Two days later I came back to that same track to run the USATF Connecticut Open/Masters meet, basically an all-comers meet for CT region USATF members. I was hoping there’d be some really fast guys there to drag me along to fast times, and alas, there were no runners in the 40-44 age group present. So I’d have to compete basically against myself. I was entered in the 3000 meter and the 1500, and my goals for those were 10:30 and 5-even. My legs, to be honest, were pretty wrecked after Thursday night’s 5k.

The 3000 starts and I’m just sticking to my plan of 5:45 for the first mile and 4:45 for the .86 of a mile (3000 meters = 1.86 miles). I let another runner, George, go on ahead- he was building a pretty sizable lead on me but I thought with seven laps I could really take it easy (ha!) for at least three, then start turning the screws. George came back to me on that third lap, and I just settled into cruise control for the duration. 5:45 pace just felt right, it’s what I had run Thursday night, I guess it’s what my body wanted to do today.

I hit the line at 10:45.21 in first place. My first ever win. Weird, I thought it would feel different. Maybe because I had another race to run in less than an hour, maybe because the competition wasn’t what I thought, maybe because I wasn’t expecting it.

Two races, two gold medals.

Same for the 1500- just wanted to run hard. My legs did not feel great at all, but I just stayed moving after the 3k (they had to page me on the loudspeaker for the start of the 15 because I was jogging around the school, lol). Sorry to have held up the start for a few minutes, my bad. This one I led gun-to-tape though. Just wanted to break five minutes, thought I’d run 80 second laps through the first three and a 60 for the last 300 and call it a day. Split 75-81-81 and 58. Went out a tad too hard and it probably cost me a good 4-5 seconds, maybe could’ve broke 4:50 if I was smarter. 4:55.75 for the win.

Had Tom breathing down my neck, that’s why I went out too fast.

Next Thursday would mark the end of the Track Series, and I was determined to try the steeplechase.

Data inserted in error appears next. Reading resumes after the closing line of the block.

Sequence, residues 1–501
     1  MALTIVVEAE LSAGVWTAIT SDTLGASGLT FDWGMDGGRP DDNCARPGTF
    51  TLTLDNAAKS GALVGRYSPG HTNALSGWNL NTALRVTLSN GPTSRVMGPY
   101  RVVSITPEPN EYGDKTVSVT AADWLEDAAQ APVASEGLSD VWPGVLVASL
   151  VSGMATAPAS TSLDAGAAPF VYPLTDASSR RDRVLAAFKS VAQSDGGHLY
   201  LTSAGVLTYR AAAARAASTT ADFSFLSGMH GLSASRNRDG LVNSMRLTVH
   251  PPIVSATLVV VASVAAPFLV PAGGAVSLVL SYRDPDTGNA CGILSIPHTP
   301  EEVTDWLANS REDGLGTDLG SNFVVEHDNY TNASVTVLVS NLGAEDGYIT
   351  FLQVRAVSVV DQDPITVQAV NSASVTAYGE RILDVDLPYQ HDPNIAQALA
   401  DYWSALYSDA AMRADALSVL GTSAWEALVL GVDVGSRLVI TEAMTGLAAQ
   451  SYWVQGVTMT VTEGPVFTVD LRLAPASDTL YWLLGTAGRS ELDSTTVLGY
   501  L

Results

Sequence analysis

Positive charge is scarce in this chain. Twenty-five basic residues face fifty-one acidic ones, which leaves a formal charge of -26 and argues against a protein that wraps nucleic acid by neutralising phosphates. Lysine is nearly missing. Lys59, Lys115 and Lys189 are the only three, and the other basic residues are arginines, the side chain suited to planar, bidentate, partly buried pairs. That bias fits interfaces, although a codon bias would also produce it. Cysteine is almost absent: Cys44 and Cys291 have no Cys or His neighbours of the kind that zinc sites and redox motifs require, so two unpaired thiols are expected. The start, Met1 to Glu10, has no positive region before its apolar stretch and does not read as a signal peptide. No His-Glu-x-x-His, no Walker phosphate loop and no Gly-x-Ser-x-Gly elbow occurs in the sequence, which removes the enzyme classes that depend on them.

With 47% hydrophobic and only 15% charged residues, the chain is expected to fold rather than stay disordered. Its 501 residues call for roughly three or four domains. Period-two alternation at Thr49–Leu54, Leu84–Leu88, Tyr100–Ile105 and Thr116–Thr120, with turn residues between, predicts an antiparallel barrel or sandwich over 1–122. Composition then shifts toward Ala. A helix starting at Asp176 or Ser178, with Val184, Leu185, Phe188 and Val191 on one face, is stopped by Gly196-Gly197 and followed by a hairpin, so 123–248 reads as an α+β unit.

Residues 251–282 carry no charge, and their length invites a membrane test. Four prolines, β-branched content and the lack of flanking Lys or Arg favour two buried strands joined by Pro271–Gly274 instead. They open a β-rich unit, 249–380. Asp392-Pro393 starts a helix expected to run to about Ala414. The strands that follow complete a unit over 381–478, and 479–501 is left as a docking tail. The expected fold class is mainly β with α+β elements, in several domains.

Here we go!

Shit, I almost went down.

Laugh it off and do it again.

Okay this one went better.

Starting to get the hang of this thing!

…and that was terrifying. It was a hot late afternoon and I watched my pace go from a respectable split of 88 seconds for the first lap to 93 for the second, to 96 seconds… oof. I just died a very beautiful death out there. I just kept telling myself “don’t get lapped” as I could see Tyler Lyon coming on strong, putting almost 90 seconds on me in the seven lap race. That was probably the hardest running event I’ve ever taken part in. 12:05-flat, and every second of it was just terrible. And awesome.

Four barriers plus a water jump every lap, that’s a crazy event. It’s almost like you need to be in insane 5k shape with 10k strength AND be a solid hurdler. 36 inches high, and I’m only 67 inches tall. Math.

I opted for the step over method on the barriers for the first few laps and then had to resort to vaulting over it with my left hand, just throwing my legs over like a sad little rabbit. Oh, did I mention my legs were completely wrecked from almost 2 months of intense middle distance training and racing? Yeah.

So, because I am so smart I opted to run the 800 meter race a little while later.

300 meters in and realizing that this is not how normal people have fun.

77 seconds on that first lap.

Here we come! Matt looks strong, why am I smiling?

76 seconds on that second lap. I can’t believe it. 2:33.26 for a new 800 PR. That distance is pure evil.

Then I hopped in the 2-mile, but DNF’d it after three laps. Just had nothing left in the legs, and decided to call it a season. Took a down week then started to get after it again…

Signed up for the New Haven Road Race 20k, and had a somewhat solid month of training going in. Quick four-day taper and here we go!

Race day was a balmy 80 with 99% humidity at 8:30 am. Oof.

Things went from okay to what? to bad to worse at mile 8. Plan was to run 1:22 (splits = 6:35) and went through 10k at 42:14, already a minute plus off pace. Okay, maintain this and run 1:24-1:25, no big deal. Went through 8 at 54:08 (6:46 pace) and started to feel low on energy, I figured a gel with some caffeine would perk me up, and sugar is good. There was a water station just past mile 8, so I took the gel then and washed it down with 2 cups of water and…